Cartoons by Robert Crumb, Gary Larson & Shel Silverstein
From 1969 through 1977, the location of our very first store was at 35 Bedford St., right here in the West Village and not more than three blocks from where we are now, but on a tiny backwater street; you had to know about us to find us, and plenty of people did, from local beginning players to working pros, to Bob Dylan, George Harrison, Yul Brynner, Steve Martin, and plenty more. Robert Crumb, the internationally-known cartoonist famous for his "Keep On Truckin’"drawings and Zap Comix, was a frequent visitor. He was also known for making drawings on the spot in places all over the world to trade for instant merchandise, and I was an occasional victim, as in the drawing here, which he offered to do immediately after asking for a few sets of strings. How could I say no? He asked for some paper and I gave him a piece of our stationery, on which, in a minute or two at most, he drew a picture of his famous Mr. Natural character with the thought balloon “Nobody’s gettin’ rich”, which had been my reply after he asked me how business was. I framed it, still have it, displayed here in my store.
Gary Larson, the world-renowned syndicated cartoonist of “The Far Side”, visited us many times at our current location, which we’ve been at since 1982. He was a player and a fan of carved-top jazz guitars, especially those of Jimmy D’Aquisto, who many consider to be the greatest builder ever of these instruments. Jimmy had been a very close personal friend of mine since the 1960s (he died in 1995), and Gary owned at least one of his guitars, which Gary(?) is caricatured holding in the drawing shown here. He gave it to me, as I recall, in gratitude for having set up, or possibly repaired, one of his most treasured instruments, possibly a D’Aquisto. I framed it, still have it displayed in my store today.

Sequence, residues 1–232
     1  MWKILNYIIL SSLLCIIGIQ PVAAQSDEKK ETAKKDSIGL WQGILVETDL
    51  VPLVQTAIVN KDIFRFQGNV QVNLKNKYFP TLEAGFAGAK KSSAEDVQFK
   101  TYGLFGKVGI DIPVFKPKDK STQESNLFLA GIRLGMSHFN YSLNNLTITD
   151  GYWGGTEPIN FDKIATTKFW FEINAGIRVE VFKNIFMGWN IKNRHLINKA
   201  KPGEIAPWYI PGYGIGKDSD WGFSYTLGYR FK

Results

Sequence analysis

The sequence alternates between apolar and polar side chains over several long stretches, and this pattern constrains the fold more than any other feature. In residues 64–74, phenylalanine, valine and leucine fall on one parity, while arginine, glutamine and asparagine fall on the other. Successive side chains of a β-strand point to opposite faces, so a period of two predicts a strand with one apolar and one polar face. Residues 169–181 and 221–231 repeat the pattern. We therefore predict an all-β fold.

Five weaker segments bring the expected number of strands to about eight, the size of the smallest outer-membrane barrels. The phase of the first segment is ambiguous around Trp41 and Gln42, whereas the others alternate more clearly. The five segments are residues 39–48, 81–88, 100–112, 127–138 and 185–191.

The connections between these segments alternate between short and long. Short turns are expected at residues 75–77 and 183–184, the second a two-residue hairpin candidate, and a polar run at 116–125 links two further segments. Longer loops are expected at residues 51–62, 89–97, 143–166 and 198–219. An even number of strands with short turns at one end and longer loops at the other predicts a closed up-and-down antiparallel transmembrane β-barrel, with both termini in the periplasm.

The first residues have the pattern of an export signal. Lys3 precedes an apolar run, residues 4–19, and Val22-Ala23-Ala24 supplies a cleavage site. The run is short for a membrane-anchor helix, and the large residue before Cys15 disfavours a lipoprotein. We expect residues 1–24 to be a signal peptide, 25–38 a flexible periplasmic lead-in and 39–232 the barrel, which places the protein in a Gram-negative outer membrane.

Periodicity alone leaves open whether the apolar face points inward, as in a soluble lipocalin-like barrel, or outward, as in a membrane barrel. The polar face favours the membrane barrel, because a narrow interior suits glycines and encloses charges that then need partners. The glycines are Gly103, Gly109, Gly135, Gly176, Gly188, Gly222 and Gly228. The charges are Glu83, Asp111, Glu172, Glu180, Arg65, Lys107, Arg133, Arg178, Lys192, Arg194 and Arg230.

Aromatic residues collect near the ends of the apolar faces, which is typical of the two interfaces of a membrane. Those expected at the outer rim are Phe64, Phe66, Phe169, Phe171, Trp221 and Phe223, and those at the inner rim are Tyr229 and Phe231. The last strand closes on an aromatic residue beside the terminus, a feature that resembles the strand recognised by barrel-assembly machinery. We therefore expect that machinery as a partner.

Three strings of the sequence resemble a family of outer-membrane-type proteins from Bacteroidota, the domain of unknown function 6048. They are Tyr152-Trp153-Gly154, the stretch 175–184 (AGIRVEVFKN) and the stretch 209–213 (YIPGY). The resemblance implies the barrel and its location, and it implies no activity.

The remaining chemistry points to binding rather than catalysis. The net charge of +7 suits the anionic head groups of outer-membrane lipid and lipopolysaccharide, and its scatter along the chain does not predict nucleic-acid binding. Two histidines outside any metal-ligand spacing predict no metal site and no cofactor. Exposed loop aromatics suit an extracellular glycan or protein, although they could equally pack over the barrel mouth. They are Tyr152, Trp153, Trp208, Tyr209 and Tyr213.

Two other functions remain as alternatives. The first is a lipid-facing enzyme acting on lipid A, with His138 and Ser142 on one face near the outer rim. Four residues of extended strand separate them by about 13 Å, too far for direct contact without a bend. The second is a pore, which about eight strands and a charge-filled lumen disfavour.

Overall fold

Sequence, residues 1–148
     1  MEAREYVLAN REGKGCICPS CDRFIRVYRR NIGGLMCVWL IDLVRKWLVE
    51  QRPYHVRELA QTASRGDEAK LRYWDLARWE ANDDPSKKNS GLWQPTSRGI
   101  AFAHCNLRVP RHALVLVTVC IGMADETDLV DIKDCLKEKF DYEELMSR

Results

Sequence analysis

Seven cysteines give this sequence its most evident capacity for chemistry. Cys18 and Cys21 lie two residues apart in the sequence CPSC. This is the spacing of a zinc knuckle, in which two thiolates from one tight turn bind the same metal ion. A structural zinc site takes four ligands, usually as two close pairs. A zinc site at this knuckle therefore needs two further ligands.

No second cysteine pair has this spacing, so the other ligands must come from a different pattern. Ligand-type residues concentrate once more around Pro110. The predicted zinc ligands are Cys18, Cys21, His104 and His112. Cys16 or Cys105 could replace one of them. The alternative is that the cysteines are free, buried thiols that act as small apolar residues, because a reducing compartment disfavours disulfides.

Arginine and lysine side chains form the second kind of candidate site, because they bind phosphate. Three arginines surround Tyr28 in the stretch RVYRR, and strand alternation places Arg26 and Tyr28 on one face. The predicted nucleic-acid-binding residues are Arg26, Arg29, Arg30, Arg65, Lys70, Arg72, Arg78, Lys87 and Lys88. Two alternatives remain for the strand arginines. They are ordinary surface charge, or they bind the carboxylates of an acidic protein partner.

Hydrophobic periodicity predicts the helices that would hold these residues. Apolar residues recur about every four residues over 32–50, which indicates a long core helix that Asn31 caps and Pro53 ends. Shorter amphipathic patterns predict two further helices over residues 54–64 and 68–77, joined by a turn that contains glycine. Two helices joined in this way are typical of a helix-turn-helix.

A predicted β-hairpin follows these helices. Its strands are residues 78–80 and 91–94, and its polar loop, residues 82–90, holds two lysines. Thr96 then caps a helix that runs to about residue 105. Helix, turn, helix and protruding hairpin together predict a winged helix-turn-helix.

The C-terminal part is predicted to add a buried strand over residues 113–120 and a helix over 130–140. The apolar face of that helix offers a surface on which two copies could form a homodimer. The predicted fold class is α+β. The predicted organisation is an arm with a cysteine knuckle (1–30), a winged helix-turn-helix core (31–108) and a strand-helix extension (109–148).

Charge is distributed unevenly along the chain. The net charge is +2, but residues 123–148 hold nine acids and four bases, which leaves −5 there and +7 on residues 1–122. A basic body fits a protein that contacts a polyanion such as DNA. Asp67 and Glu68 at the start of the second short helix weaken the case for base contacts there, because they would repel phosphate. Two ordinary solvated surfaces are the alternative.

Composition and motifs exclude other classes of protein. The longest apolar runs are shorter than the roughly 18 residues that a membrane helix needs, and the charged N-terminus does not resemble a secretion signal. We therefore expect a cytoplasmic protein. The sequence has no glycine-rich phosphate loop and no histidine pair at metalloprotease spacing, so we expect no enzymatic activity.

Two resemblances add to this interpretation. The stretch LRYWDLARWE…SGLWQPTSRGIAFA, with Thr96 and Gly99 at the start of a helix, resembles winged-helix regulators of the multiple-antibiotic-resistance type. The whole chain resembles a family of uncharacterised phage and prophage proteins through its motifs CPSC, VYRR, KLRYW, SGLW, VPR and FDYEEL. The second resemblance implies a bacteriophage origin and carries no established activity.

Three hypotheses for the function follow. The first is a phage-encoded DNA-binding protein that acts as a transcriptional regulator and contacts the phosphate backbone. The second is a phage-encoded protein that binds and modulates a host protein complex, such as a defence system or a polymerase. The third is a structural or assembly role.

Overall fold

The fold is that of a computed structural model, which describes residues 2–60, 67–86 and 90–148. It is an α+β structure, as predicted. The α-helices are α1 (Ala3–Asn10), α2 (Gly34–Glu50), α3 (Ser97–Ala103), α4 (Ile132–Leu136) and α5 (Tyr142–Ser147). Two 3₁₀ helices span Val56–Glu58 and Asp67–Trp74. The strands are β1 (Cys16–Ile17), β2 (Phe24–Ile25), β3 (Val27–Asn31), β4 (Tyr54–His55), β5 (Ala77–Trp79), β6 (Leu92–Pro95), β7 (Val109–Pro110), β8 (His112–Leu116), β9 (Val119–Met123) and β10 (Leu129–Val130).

Shel Siverstein…….what can I say? Many of you know of Shel from the hugely popular, to this day, children's’ books he wrote and illustrated, such as The Giving Tree, Where the Sidewalk Ends, and so many more. A few of you may know of his relationship with Hugh Hefner, publisher of Playboy; they were both from Chicago, they were friends, and Shel often wrote articles for the magazine, did cartoons for it, and was a frequent guest at the Playboy Mansion. I’m always surprised, however, that so many people today have no idea of all the hit songs, mostly in the C&W vein, that Shel wrote: A Boy Named Sue; The Cover of the Rolling Stone. Marie Laveau; Sylvia’s Mother; Put Another Log on the Fire; One More on the Way; The Queen of The Silver Dollar; and countless more. Shel had homes in several places including Chicago, Key West, Hong Kong, and a few blocks from here in Greenwich Village. Being a musician, and a writer, and a guy with great curiosity and someone who made his own time, when he was at his New York home he frequently came in here to hang out, to try out new songs on us (example: an out-of-work hooker singing "I’ve Got to Get Back on My Back to Get Back on My Feet”, never published or recorded far as I know), and to shoot the occasional breeze, sometimes the two of us just hanging out on the sidewalk in front of my store as we watched the world go by. So……..would seem that one day I must’ve asked him to do what R. Crumb had done, make me a drawing, and Shel, not exactly being shy, did what you see here. I will also say though that when the time came to clear out some stuff from his Village apartment, he came by one day and gave me his collection of Delmore Brothers LPs, which I still have and treasure. Shel was a man of many refined tastes and great personal charm; when he was engaged in a conversation with you no one else in the world existed for him. We miss him dearly.